Shape memory alloys the basis for more efficient refrigerant-free cooling

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Engineers Marvin Schmidt and Johannes Ullrich Own with their prototype cooler(Credit: Oliver Dietze/Saarland University)

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By preserving our food and keeping our buildings comfortable in hot weather, mechanical cooling systems have been a boon, but with their refrigerant gases and high power consumption they're not exactly environmentally friendly. In an effort to make a greener, more energy efficient cooling system, a team of engineers from Germany's Saarland University is turning to shape memory materials to replace the refrigerant gases used in conventional cooling technologies.

Shape memory materials, also known as "metal muscles" or "artificial muscles," have the ability to snap back into their original shape after being stretched, squashed, bent, or otherwise deformed. If the material is a metal alloy, such as nickel-titanium, the deformation changes the material's crystal lattice structure in what's known as phase transition, which causes the material to become hotter. Allowing the material to relax and return to its original form cools it by about 20° C (36° F) below the ambient temperature.

"In our systems, shape memory alloys (SMAs) are used to remove heat," says Stefan Seelecke, Professor for Intelligent Material Systems at Saarland University. "Shape memory means that wires or sheets made from a nickel-titanium alloy have a certain ability to remember their original shape: If they undergo deformation, they will return to their earlier shape, so they are able to tense and flex like muscles. The fact that they absorb and release heat when they do so is something we exploit to achieve cooling."

A prototype air cooling system using nickel-titanium alloy is under development by teams from Saarland University, the Center for Mechatronics and Automation Technology (ZeMA), and Ruhr University Bochum led by engineers Seelecke and Andreas Schütze. According to Seelecke, the basic idea is to cool a space by prestressing a super-elastic shape memory material, then letting it relax and release the heat to the external environment. The material is then re-stressed to repeat the cycle.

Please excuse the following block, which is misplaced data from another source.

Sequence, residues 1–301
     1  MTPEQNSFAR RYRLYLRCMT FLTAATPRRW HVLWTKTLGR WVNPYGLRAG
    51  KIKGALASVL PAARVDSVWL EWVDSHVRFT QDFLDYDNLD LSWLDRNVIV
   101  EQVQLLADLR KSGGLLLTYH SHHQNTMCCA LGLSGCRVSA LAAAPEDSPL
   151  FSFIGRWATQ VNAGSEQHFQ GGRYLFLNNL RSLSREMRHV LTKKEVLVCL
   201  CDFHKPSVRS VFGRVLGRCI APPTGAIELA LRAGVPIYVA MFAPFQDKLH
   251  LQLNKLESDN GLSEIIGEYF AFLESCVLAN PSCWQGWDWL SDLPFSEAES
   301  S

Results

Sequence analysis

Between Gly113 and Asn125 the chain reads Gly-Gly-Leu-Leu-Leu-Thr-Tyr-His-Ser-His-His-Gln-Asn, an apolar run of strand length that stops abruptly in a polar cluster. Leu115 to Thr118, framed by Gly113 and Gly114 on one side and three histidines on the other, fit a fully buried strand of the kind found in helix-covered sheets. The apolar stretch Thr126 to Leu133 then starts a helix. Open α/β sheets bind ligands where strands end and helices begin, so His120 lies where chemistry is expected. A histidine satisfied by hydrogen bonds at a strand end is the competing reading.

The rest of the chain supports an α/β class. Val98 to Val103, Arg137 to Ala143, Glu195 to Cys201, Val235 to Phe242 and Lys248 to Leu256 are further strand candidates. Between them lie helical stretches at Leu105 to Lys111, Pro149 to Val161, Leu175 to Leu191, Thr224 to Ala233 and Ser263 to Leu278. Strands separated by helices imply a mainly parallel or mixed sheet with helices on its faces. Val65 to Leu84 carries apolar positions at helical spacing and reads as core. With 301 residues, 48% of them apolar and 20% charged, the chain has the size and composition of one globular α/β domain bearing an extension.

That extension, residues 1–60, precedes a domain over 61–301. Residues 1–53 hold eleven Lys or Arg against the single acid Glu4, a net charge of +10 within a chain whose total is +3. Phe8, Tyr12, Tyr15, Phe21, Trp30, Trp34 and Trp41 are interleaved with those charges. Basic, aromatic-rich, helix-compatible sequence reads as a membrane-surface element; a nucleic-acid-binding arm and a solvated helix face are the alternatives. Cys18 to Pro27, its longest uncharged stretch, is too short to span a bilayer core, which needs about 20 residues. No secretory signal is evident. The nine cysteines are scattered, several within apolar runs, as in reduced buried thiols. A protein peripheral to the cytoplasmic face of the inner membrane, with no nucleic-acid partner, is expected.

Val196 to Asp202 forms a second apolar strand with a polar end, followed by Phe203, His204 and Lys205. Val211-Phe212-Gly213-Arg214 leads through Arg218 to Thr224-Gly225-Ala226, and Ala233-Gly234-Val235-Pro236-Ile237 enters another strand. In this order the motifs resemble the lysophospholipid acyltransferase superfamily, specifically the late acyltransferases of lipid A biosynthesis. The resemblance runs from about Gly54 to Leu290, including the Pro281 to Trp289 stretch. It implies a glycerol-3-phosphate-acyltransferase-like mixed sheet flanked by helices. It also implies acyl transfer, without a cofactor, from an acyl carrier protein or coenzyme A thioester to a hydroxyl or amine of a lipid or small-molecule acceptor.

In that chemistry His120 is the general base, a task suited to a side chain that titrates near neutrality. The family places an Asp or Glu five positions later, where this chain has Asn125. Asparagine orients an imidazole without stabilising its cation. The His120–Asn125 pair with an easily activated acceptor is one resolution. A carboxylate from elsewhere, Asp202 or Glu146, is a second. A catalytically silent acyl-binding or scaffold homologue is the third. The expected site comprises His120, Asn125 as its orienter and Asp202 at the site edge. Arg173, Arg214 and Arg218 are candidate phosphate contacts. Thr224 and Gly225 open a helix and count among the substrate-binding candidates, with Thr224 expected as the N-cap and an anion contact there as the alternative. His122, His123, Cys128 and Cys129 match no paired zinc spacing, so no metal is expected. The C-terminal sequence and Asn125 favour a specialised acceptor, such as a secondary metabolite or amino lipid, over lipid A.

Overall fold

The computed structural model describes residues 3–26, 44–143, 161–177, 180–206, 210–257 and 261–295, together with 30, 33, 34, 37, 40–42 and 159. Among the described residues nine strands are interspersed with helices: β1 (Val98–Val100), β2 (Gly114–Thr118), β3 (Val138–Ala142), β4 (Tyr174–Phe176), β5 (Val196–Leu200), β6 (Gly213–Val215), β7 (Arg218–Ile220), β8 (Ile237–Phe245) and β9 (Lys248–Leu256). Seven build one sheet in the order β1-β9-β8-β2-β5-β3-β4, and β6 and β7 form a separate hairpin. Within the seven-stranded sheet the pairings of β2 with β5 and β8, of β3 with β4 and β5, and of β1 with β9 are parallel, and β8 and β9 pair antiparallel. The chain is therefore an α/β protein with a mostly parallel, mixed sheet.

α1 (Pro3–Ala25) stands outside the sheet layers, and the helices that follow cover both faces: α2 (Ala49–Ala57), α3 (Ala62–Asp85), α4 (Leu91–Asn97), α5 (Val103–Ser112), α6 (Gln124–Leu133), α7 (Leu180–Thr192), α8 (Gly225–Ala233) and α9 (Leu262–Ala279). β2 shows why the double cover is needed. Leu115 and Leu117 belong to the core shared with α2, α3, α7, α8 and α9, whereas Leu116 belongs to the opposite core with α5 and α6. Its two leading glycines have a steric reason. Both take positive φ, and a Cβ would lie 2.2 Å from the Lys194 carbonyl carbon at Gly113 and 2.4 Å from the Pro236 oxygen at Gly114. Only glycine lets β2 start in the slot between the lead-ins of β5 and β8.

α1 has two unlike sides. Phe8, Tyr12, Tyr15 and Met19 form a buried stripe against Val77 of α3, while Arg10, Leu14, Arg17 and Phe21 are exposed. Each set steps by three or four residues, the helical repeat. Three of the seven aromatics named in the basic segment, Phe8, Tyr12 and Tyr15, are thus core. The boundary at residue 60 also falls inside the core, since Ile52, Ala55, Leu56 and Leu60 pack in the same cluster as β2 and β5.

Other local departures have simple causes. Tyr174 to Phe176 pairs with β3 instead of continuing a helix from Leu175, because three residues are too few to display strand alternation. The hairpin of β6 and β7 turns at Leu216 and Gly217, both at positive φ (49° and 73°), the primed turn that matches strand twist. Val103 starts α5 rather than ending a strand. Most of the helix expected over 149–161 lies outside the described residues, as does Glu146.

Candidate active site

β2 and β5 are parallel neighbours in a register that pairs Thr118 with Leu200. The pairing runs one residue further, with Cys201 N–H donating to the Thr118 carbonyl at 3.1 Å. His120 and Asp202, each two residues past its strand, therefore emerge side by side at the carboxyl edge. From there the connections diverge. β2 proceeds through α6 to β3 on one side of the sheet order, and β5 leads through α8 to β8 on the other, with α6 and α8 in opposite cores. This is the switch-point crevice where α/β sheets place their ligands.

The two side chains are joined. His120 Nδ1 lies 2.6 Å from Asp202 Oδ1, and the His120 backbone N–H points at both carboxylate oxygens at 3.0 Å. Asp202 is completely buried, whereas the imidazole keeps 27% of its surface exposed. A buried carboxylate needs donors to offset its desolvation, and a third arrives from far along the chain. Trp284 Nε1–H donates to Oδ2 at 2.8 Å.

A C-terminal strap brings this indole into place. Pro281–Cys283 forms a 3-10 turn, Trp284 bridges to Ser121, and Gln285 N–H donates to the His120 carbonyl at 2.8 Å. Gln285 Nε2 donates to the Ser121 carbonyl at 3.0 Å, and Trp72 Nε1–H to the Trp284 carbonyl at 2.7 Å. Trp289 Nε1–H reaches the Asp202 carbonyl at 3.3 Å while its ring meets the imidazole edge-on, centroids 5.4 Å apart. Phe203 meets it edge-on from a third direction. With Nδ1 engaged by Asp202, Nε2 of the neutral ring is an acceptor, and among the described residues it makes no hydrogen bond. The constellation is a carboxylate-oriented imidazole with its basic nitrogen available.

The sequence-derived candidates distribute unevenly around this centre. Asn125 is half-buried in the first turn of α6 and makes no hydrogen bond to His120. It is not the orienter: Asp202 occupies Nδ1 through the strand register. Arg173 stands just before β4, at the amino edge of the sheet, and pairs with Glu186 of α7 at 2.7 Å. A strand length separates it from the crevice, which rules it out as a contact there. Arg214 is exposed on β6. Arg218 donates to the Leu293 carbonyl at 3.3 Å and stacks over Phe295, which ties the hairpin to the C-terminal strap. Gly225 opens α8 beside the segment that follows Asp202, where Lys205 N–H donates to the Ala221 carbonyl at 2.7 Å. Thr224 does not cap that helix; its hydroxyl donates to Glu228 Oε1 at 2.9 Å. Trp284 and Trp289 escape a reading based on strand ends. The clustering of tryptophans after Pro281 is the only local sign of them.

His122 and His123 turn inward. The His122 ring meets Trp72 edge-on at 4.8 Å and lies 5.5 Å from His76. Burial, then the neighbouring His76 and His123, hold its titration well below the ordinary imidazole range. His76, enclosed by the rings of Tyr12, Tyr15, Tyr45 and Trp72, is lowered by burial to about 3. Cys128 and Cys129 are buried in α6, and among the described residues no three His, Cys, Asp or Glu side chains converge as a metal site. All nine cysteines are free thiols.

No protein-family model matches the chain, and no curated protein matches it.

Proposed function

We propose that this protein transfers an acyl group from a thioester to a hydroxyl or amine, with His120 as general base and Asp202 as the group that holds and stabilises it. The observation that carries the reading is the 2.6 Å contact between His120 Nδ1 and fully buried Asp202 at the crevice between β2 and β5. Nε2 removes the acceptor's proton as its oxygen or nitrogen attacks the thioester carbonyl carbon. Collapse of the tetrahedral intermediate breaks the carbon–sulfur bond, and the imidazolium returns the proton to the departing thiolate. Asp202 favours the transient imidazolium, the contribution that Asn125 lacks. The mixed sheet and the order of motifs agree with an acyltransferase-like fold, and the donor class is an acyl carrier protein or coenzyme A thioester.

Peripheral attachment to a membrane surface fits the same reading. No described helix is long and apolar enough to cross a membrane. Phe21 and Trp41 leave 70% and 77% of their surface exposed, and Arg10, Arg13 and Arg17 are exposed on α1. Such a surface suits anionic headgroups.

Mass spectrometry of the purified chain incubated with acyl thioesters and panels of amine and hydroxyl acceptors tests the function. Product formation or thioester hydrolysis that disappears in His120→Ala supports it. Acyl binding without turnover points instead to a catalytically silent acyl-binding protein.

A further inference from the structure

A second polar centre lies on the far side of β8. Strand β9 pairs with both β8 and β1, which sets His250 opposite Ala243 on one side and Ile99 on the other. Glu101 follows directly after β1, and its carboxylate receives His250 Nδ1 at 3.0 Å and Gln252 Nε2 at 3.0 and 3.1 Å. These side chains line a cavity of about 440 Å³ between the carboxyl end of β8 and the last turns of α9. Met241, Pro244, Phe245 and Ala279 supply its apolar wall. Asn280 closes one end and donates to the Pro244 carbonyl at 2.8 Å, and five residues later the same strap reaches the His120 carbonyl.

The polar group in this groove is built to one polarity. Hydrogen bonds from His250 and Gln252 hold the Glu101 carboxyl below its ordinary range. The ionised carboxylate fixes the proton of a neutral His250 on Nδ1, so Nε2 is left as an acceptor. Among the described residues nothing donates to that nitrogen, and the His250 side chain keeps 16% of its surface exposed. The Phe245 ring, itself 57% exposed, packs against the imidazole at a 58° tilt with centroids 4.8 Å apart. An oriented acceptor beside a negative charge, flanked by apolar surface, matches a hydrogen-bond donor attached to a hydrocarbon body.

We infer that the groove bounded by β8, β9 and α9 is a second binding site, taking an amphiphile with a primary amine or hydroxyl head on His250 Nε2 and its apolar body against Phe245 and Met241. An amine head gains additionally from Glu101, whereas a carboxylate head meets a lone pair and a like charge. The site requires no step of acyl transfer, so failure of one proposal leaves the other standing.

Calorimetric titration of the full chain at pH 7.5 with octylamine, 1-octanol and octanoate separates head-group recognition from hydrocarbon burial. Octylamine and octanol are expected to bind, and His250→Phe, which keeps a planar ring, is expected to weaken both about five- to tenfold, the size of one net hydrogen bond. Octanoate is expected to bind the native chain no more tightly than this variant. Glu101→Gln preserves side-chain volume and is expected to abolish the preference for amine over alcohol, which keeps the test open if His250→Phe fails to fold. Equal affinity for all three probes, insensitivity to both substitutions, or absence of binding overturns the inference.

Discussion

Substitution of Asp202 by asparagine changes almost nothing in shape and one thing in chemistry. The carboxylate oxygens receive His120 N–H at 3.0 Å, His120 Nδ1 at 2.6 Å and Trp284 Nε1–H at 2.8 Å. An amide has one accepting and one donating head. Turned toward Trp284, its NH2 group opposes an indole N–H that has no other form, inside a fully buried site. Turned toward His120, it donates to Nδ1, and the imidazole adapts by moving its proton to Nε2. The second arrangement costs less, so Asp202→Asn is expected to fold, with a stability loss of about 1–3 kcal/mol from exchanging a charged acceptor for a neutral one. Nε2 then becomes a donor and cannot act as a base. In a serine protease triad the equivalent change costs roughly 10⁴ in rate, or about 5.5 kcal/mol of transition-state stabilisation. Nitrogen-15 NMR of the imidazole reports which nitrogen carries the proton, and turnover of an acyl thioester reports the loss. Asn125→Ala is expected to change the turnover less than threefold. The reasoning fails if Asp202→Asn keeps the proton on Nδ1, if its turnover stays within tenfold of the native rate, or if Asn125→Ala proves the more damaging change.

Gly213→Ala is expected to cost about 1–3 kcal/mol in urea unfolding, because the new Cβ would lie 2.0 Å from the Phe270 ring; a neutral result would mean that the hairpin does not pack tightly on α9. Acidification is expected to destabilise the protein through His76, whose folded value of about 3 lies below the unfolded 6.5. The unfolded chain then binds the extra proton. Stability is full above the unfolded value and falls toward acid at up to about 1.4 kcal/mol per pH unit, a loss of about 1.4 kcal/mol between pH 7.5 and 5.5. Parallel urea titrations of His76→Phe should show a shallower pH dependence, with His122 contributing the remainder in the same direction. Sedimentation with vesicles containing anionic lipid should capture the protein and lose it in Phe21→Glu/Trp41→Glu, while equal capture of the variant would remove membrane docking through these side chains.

The purpose of the prototype is to demonstrate the principle and to help figure out how to make the process as efficient as possible. In experimental and modeling studies conducted to determine the system's optimum efficiency, the team examined various factors while monitoring the device using a thermal imaging camera, such as how much to deform the material and how fast the process should cycle.

"We're currently using these results to construct an optimized prototype for an air-cooling system," says Schütze. "We are creating a cooling cycle in which hot air passes over one side of a rotating bundle of shape memory wires. Multiple wires are used in order to enhance cooling power. The bundle is mechanically stressed on one side as it rotates, thus heating up the SMA wires, as it rotates further the SMA relaxes and cools. The air to be cooled is guided past the cold wire bundle, thus cooling an adjacent space. Further optimization of the cooling process will involve modelling all component stages and then refining these models by comparing the predictions with experimental results. The data from the modelling and experimental work should allow us to determine the ideal number of shape memory wires for our rotating wire bundle as well as the optimum speed of rotation."

With refrigerators a household staple and the popularity of air conditioners in homes, businesses and commercial properties, the potential benefits of a cooling technology that is more energy efficient and doesn't rely on refrigerants that are harmful to the environment appear obvious.

The project has been granted an additional €500,000 (US$560,000) by the German Research Foundation, which has been funding the project for the past three years.

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